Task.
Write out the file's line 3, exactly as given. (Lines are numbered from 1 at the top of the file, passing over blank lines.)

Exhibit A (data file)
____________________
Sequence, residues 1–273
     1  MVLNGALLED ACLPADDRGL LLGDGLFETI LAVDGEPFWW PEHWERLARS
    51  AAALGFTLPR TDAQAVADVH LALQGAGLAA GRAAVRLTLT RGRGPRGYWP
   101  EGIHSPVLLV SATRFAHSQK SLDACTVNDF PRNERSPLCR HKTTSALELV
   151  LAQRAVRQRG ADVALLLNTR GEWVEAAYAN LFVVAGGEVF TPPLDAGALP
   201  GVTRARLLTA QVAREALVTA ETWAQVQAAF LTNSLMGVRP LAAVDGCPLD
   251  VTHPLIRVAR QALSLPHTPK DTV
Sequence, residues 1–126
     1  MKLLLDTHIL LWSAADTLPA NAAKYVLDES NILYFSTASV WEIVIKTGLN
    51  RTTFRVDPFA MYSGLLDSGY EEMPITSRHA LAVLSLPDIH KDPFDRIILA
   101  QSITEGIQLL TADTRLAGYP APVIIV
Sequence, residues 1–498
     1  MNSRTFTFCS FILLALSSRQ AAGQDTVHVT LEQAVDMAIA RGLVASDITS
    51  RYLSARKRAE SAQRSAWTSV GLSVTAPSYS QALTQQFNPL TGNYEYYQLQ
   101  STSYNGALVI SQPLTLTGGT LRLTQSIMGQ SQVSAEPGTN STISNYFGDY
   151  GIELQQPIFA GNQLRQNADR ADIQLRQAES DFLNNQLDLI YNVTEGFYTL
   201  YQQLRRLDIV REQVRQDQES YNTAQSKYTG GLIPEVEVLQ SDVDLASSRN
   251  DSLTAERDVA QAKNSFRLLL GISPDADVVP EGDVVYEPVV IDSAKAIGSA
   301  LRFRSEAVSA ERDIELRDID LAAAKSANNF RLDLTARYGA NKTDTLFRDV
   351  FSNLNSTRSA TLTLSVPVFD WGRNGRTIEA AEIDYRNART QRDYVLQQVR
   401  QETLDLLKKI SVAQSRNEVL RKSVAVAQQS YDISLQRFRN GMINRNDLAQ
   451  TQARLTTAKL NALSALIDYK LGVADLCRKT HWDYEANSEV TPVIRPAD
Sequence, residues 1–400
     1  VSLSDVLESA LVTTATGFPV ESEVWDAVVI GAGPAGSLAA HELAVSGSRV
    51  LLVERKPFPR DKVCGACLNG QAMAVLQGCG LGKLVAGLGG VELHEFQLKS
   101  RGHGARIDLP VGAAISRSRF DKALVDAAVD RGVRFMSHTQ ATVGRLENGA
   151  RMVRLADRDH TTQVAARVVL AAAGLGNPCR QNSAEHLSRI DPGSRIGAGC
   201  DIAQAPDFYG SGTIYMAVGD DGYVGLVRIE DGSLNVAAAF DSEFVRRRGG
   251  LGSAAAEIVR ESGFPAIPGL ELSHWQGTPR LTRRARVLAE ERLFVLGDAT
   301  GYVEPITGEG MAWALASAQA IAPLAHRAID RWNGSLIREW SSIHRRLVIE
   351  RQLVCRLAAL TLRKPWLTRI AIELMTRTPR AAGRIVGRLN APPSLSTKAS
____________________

    51  AAALGFTLPR TDAQAVADVH LALQGAGLAA GRAAVRLTLT RGRGPRGYWP